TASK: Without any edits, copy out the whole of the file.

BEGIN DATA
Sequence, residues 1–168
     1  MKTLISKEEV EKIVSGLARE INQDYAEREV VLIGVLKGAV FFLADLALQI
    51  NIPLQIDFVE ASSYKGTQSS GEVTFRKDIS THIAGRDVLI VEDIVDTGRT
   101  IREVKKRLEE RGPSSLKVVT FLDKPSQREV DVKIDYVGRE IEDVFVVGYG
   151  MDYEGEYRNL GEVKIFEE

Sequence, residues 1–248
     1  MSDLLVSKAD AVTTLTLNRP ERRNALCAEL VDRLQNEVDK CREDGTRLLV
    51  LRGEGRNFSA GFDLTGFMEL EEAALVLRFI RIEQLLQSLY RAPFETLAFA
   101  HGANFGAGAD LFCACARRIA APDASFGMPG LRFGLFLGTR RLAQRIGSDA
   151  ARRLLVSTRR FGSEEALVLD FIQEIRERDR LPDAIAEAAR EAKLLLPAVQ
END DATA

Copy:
Sequence, residues 1–168
     1  MKTLISKEEV EKIVSGLARE INQDYAEREV VLIGVLKGAV FFLADLALQI
    51  NIPLQIDFVE ASSYKGTQSS GEVTFRKDIS THIAGRDVLI VEDIVDTGRT
   101  IREVKKRLEE RGPSSLKVVT FLDKPSQREV DVKIDYVGRE IEDVFVVGYG
   151  MDYEGEYRNL GEVKIFEE

Sequence, residues 1–248
     1  MSDLLVSKAD AVTTLTLNRP ERRNALCAEL VDRLQNEVDK CREDGTRLLV
    51  LRGEGRNFSA GFDLTGFMEL EEAALVLRFI RIEQLLQSLY RAPFETLAFA
   101  HGANFGAGAD LFCACARRIA APDASFGMPG LRFGLFLGTR RLAQRIGSDA
   151  ARRLLVSTRR FGSEEALVLD FIQEIRERDR LPDAIAEAAR EAKLLLPAVQ